From Oluseye Ojo, Ibadan
In Nigeria, out-of-pocket spending, according to a recent report by the World Health Organisation (WHO) accounts for more than 70 per cent of health care spending, as a means of financing the Nigerian health system.
The report revealed that majority of Nigerians do not have health insurance covers of any kind: “Nigerians that are largely poverty-stricken probably do not have or have extremely limited access to quality health care.”
Though there have been arguments that policy makers and political actors should increase public health expenditure in the budgetary allocations to the health sector. Some groups and individuals have taken it upon themselves to complement government’s efforts at giving health lifeline to different categories of people in the society.
Ogbomoso 1st Group (O’1st Group), did just that recently. The group organised the exercise in collaboration with some development partners. It organised a free medical outreach for 3,000 residents of Ogbomoso, Oyo State. They comprised different categories of people, including aged, weak, sick, vulnerable persons as well as security agents and journalists to be more effective in the discharge of their duties.
It attracted beneficiaries from five local government areas in Ogbomoso zone, namely Ogbomoso North, Ogbomoso South, Surulere, Oriire and Ogo Oluwa. The exercise, was held at O’1st Centre, Oke Osuru, Ajaawa Road, Ogbomoso. It had about 100 medical doctors from different specialisations, more than 100 nurses and 10 practitioners of natural medicine to dispense free medical services to beneficiaries.
Journalists that covered the opening ceremony of the exercise in Ogbomoso were also given opportunity to undergo the medical consultations, and tests. And some of them that needed reading glasses were given at no financial cost to them.
Chairman, Ogbomoso First Group, Sir Olusegun Adekunle, said: “It is an outreach meant to bring awareness on health issues to support government to meet the expectations of the citizens. It is to provide a platform upon which the citizens in the categories that we have mentioned and other categories as a matter of fact, to check their health status, receive counselling, go through cost free consultation. They will also receive referrals to tertiary health institutions around us like the Bowen University Teaching Hospital (BUTH) and LAUTECH Teaching Hospital that are collaborating with us.”
Provision was also made in conjunction with the National Drug Law Enforcement Agency (NDLEA) for a drug free test, apart from National Agency for the Control of Aids (NACA), Oyo State Agency for the Control of Aids (SACA), and a United States-based professor of oral and maxillofacial pathology, Oluwole Ajagbe, a native of Ogbomoso, to carry out the exercise.
He said doctors, nurses and other experts were available to attend to people, adding that provision was made for over 3,000 people: “There were other value additions to what we did. There was a pharmacy, manned by pharmacists and public health workers. They dispensed drugs such as anti-malaria drugs, that we can dispense to people, after they have done all our consultations and tests.
“These tests include blood sugar, and other things. We also took their vital signs and we advised them to know if there was any form of danger, such as high blood pressure or not.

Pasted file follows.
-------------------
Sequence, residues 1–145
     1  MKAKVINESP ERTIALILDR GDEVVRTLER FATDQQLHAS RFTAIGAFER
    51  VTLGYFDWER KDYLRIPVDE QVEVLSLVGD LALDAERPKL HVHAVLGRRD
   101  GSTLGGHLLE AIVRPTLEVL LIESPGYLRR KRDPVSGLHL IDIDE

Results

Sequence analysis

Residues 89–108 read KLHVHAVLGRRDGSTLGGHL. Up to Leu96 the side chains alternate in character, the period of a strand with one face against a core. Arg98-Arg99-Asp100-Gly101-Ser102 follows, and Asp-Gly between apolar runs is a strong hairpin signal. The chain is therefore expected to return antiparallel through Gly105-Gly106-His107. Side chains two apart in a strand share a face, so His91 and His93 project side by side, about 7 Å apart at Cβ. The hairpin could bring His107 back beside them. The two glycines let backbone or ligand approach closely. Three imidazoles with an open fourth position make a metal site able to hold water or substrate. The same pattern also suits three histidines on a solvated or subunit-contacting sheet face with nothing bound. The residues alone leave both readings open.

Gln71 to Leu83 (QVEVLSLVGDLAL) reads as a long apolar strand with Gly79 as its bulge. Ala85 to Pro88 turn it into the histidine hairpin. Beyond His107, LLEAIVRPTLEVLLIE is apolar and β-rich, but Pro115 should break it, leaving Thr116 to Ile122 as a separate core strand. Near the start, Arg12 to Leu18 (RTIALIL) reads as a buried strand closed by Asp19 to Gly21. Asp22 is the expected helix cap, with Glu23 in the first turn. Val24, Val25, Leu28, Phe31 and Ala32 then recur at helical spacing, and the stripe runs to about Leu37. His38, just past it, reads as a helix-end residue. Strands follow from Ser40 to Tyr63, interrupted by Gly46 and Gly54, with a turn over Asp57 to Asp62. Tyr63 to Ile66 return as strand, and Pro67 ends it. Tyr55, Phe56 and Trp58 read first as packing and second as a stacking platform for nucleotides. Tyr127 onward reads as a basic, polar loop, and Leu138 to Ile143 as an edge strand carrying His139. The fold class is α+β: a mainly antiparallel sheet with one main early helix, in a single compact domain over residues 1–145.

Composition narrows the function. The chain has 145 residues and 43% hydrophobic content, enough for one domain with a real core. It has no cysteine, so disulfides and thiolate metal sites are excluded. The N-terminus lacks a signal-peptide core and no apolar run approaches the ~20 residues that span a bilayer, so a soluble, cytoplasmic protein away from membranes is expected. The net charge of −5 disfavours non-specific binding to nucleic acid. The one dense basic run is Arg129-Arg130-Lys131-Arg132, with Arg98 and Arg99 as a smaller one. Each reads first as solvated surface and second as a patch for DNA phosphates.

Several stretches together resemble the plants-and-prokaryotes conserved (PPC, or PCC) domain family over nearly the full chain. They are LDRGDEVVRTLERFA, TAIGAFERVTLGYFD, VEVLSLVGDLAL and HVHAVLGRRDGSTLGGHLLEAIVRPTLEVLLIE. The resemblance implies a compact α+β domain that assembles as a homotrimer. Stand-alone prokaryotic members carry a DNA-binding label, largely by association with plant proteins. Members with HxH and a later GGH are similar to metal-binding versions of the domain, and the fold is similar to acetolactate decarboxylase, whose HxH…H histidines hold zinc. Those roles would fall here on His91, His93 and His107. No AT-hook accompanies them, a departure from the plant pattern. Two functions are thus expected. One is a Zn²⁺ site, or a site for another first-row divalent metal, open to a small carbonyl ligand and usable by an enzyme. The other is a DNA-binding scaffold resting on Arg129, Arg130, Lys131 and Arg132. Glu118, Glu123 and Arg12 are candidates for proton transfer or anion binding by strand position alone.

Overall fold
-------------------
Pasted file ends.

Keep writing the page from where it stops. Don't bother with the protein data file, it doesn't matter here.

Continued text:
“But the good side of it is that the National Agency for the Control of HIV and Aids, came. The agency donated rapid test kits, as part of their community engagement process.”
Chairman, local organising committee for the medical outreach, Otunba Bayo Babatunde, said about 6,000 eyeglasses, 3,500 COVID-19 test kits, and 3,000 HIV/AIDS rapid test kits, were among medical facilities provided for people that came for the medical outreach. Each of the beneficiaries was made to undergo necessary medical consultations and tests before they were treated, given eyeglasses, drugs and so on at no financial cost.
The professionals on ground for the exercise, he said, included medical and dental surgeons, optometrists, dental technicians that help to fix glasses, apart from 20 medical students, and 30 student nurses, from Bowen Teaching Hospital and LAUTECH Teaching Hospital. He added that the students during the outreach were exposed to community health practices.
Babatunde noted: “We have given them remedial care. But we have many beneficiaries. We shall review their cases one by one towards giving further assistance to the beneficiaries.”
Prof Ajagbe said he collaborated with the Ogbomoso First Group for him to give back to the society. One of the beneficiaries, 76-year-old Madam Arike Afolabi, said: “I have eye impairment and that is why I came for this outreach. I could not see very well.
“I am happy that I came here. They attended to me very well. I was tested and they have me free drugs and eyeglasses. When I put on the glasses, I could see what I was unable to see before. I am very grateful to Ogbomoso 1st Group.”
Another beneficiary, Christy Ogunesan, said: “I came here for general medical check-ups, especially for my blood pressure (B), eyes, COVID-19 and HIV. The results came out, my HIV test result was negative and COVID-19 test result was also negative. But the BP was a little bit high. They gave me different drugs to use. Then, they said I did not have any problem with my eyes.
“I must say that this is not the first time that I would benefit from the philanthropic gesture of Ogbomoso 1st Group. I have been with this group since 2017. I have benefitted so many things from this group. I say thank you and may God continue to bless, help and protect you all.”